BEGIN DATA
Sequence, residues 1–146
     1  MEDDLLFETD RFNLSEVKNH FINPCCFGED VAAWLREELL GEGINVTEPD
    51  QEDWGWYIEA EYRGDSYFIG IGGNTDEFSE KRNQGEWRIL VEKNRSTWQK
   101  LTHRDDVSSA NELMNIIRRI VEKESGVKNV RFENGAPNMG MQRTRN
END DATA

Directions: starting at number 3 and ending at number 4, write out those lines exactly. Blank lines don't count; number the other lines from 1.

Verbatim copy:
    51  QEDWGWYIEA EYRGDSYFIG IGGNTDEFSE KRNQGEWRIL VEKNRSTWQK
   101  LTHRDDVSSA NELMNIIRRI VEKESGVKNV RFENGAPNMG MQRTRN